End users now need effective mine dogs, reliable information and data base systems, dedicated GIS packages, better prostheses and procedures, and on it goes. The knowledge of these improvements and how they can be fitted to operational requirements has come about largely through the interchange of ideas which has taken place during the "show and tell" portions of the conferences and meetings summarized above.

Real Progress

Perhaps one of the most encouraging and demonstrable sets of results of the actions of the Mine Action community, has been the creation of a number of programs and initiatives designed to facilitate identifying and satisfying the needs of the operator.

The DTIF is a collective and creative outreach, which should provide a universally accessible source for demining technonlogy information.

The "Rapid Prototyping" program underway at Ft. Belvoir (under the auspices of the U.S. Office of the Assistant Secretary of Defense for Special Operations and Low-Intensity Conflict) is not only determining and verifying end user needs, but is putting the most promising technologies which are applicable to meeting them, on a fast-track.

The Survey Action Center (SAC) and IMSMA are programs aimed directly at meeting the information needs of deminers, which should make a significant impact on management and preparation for their plans and operations.

The demining management studies underway at Cranfield University should provide a very real way of ascertaining and fulfilling operators needs, and of developing a viable management training program.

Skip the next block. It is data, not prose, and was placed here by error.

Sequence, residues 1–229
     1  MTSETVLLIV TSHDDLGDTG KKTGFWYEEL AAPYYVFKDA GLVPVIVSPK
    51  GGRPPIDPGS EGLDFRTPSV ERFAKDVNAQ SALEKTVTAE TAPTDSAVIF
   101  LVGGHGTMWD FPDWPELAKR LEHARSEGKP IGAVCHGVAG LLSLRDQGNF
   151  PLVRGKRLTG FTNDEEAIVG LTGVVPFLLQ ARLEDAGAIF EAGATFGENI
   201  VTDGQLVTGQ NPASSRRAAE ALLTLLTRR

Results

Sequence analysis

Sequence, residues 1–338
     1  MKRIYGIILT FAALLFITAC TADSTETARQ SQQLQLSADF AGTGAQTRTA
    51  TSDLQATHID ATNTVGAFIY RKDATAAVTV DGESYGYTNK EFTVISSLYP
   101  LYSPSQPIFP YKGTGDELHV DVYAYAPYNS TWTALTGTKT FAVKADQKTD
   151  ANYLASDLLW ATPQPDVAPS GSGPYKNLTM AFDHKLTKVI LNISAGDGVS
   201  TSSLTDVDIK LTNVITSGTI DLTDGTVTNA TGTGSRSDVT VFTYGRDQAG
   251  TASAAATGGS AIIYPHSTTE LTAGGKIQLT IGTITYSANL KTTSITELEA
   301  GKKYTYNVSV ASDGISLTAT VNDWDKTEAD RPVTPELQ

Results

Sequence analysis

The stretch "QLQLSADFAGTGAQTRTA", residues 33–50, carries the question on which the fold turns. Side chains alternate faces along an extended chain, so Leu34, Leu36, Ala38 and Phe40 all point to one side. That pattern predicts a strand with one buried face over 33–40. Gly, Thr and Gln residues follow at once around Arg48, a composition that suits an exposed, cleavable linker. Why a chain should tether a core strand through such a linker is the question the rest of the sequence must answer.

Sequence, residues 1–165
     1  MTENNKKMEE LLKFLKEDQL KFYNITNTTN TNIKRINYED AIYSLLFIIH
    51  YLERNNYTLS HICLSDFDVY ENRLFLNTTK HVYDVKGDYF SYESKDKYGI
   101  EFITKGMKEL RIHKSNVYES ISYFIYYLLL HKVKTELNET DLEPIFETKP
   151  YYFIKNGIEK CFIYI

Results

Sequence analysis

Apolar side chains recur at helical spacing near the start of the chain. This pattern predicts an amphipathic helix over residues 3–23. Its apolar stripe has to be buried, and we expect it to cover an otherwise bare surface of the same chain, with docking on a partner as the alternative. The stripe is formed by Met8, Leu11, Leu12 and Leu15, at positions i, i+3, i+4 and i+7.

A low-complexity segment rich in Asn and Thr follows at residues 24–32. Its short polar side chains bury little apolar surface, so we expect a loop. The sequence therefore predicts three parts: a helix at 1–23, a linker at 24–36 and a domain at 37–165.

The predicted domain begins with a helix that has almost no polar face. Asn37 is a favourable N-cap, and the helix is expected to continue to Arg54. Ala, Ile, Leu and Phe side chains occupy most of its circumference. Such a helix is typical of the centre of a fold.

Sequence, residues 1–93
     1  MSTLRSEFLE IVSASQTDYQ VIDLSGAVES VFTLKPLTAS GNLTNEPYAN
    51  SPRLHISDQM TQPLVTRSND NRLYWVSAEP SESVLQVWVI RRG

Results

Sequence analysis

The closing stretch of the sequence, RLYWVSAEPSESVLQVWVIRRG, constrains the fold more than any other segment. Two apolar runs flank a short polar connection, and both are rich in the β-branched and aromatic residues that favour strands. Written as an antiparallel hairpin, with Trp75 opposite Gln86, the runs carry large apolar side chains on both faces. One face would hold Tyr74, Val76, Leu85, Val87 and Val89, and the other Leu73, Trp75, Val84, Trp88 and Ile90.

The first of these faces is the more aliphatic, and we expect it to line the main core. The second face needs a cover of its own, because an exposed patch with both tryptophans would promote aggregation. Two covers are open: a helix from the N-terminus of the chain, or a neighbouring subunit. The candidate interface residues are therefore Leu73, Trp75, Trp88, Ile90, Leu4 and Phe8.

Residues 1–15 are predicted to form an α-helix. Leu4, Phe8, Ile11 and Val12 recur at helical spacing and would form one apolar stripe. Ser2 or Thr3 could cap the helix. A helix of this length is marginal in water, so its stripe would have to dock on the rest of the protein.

The Userís Focus Group assembled and working under the auspices of the UNMAS and GIC, allows for operators to make a direct and timely impact on demining standards and guidelines.

There have been times (many times!) during the past three years, when naysayers and friends alike, have been critical of the international approach to demining. They have glibly poked fun at the number of meetings, or scoffed at the seeming impossibility of it all. Some wags even talked about creating an organization for the ban of landmine conferences.

But such derision ignores the great strides that have been made in making the demining operator the center of a new and amazing cooperative effort to improve his lot, as well as the vast amount of work, good will, and thinking that has given rise to some rather remarkable international efforts. The advances are not only noteworthy for what they have accomplished (and promise to), but for the fact that they have come about purely voluntarily and without coercion.

This is an excerpt from a paper presented at meeting of the Standing Committee of Experts; Technology in Mine Action, Geneva, Switzerland on December 13, 1999